Ant Press author Cinda Adams Brooks recently submitted Heartprints of Africa for the Sarton Women’s Literary Awards sponsored by the Story Circle Network, an international association of women writers. Although her book wasn’t selected for the overall award, we are delighted to share feedback from the jurists:
Character: Characters are richly developed, dialog is natural and believable, and moves the story along at a brisk pace. Such excellent writing!
Story: A fascinating, extraordinary story of growing up in Africa in a strongly connected family of seven. The writing is clear, richly engaging, and is one of those cherished books that one loves to discover: a book one does not want to put it down.
Impact: This story is told in two parallel stories: one is of the author’s childhood in Africa and her abundantly layered bond to her twin sister; the parallel story is the author’s return to Africa in her forties to visit her twin, Linda, who stayed in Uganda, married, had children, chose to become a nurse, and remained in the country she and her twin, Cinda, (the author) both passionately love. The childhood story is filled with experience in a peaceful country; the adult story recounts a visit that the author knows is risky in now wartime yet she decides to take the journey she knows may be her final visit to this country she so loves. This story’s emotional impact and historical significance is abundant in the recounting of life experiences during two vastly times in Africa’s evolution.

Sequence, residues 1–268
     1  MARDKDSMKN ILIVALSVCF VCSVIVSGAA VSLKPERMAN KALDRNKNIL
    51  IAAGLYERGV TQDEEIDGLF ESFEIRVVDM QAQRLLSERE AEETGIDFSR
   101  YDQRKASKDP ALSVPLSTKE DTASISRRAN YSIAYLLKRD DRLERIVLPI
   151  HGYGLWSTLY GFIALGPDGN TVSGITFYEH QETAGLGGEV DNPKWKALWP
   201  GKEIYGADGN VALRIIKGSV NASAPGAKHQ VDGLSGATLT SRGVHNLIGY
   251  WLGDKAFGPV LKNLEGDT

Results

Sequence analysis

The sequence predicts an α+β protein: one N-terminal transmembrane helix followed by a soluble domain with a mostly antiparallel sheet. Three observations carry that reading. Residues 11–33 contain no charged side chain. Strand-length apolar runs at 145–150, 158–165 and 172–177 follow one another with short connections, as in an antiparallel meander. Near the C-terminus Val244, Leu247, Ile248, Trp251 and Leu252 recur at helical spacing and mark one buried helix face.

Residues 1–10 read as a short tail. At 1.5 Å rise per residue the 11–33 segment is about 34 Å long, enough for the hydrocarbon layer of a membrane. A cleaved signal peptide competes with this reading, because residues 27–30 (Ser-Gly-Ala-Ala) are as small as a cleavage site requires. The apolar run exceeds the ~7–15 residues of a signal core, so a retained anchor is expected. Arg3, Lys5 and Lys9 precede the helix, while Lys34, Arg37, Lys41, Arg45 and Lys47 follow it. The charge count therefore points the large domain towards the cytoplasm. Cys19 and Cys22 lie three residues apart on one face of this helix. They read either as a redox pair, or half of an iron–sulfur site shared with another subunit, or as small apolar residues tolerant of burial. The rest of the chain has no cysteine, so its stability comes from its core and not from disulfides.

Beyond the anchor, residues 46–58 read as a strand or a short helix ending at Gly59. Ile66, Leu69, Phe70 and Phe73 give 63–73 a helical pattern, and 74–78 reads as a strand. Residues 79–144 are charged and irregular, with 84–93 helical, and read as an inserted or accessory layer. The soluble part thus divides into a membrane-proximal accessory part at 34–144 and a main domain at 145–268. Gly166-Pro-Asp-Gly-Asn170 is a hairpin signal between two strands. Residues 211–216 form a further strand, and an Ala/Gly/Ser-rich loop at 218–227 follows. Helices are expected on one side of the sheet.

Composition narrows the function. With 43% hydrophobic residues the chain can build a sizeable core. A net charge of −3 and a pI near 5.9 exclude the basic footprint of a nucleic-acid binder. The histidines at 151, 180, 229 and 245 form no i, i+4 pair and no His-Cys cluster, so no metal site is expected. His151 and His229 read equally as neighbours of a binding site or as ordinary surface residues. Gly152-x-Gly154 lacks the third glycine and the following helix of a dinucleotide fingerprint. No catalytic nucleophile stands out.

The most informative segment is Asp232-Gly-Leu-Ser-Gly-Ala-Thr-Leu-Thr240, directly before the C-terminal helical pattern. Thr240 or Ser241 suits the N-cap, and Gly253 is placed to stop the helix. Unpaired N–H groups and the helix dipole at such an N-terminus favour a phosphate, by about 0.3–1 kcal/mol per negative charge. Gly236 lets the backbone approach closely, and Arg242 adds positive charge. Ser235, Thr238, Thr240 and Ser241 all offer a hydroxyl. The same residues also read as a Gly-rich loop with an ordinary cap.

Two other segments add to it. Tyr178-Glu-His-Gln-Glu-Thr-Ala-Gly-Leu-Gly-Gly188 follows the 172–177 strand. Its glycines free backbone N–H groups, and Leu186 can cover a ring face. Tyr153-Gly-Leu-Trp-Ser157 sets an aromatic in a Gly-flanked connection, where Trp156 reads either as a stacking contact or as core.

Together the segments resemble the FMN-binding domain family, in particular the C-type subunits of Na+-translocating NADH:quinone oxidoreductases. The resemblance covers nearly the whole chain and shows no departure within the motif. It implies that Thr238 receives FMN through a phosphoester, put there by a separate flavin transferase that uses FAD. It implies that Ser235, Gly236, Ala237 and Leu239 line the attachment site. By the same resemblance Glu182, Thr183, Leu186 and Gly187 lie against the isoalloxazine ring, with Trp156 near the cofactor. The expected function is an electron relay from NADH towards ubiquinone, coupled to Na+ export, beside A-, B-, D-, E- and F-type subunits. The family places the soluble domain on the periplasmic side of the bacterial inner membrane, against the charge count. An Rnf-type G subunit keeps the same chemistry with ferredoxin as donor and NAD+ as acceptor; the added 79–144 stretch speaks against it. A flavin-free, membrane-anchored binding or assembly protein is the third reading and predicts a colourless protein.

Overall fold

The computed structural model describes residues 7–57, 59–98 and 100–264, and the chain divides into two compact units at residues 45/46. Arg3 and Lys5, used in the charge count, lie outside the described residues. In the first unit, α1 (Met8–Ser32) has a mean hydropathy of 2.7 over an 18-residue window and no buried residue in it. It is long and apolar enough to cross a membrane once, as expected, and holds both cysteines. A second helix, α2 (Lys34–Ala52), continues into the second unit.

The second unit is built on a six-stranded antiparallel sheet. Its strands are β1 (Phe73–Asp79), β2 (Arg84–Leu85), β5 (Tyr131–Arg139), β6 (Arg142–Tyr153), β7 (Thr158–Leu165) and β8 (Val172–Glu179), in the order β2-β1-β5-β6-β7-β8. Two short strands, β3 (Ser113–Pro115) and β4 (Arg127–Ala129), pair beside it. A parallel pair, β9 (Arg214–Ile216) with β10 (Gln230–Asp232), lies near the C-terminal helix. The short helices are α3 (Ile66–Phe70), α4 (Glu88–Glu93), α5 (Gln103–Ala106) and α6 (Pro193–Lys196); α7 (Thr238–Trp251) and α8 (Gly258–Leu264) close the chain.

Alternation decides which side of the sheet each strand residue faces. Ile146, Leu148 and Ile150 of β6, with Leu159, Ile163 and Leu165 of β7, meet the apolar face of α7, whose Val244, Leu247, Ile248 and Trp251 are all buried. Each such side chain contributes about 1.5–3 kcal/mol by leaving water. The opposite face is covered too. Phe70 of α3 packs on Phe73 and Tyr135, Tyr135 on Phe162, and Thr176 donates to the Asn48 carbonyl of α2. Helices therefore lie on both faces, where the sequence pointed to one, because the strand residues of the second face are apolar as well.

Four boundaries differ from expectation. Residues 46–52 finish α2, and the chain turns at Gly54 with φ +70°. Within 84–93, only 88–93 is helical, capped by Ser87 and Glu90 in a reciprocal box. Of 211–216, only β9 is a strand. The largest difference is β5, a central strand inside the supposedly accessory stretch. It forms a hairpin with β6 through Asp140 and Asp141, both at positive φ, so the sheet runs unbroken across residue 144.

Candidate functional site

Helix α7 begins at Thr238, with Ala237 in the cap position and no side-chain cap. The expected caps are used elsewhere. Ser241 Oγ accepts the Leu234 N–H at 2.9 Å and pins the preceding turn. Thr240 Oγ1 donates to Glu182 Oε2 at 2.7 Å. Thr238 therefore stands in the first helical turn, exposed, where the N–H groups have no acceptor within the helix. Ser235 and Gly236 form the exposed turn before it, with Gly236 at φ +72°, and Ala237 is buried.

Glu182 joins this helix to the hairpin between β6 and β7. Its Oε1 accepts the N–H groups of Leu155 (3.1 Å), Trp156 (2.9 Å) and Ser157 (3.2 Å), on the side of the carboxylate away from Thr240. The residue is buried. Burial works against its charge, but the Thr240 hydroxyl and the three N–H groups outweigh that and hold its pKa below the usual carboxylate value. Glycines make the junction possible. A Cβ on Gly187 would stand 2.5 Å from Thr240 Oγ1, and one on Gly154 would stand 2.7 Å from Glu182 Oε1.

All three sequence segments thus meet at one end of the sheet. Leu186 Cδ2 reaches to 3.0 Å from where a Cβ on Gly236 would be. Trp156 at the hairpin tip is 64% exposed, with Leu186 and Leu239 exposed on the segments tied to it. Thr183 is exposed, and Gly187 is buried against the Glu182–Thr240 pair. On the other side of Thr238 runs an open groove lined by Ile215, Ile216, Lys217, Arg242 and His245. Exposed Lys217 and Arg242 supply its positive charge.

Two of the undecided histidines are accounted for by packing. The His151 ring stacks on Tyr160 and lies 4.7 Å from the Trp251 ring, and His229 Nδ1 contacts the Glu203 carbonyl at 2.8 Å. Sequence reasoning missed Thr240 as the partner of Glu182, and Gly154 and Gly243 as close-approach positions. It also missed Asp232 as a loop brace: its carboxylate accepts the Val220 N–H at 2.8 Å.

Voice: The narrative voice is distinct, delightful, honest, and engaging. This is a very well-written book!
Place: This book is about Africa, which is the opening thread that continues luxuriantly straight through until the last page. I have learned so much about Africa in this memoir.
Style: Language is excellent, rich, and compelling throughout.
Structure: I found no errors whatsoever. Language structure is very good and consistent throughout the book.
Presentation: Excellent title for the content; a lovely cover with a brilliant sunset in the background of an Africa scene and photo of the twins; illustrations, although not in the book, are online at www.HeartprintsOfAfrica,com. All else is fine.
Violence: Nothing is offensive or distracting or detracts from this story.
Exceptional Info: Another aspect of this memoir that stands out for me is the obvious time and care, as well as research through letters, that the author used/took as she skillfully reconstructed the early Africa years and also recounted the 2004 war year when she and her sister and family literally ran for their lives – 6 miles to an airport where a plane was enroute to take them away – to avoid the militia at their door. This is an exceptional and lovely book!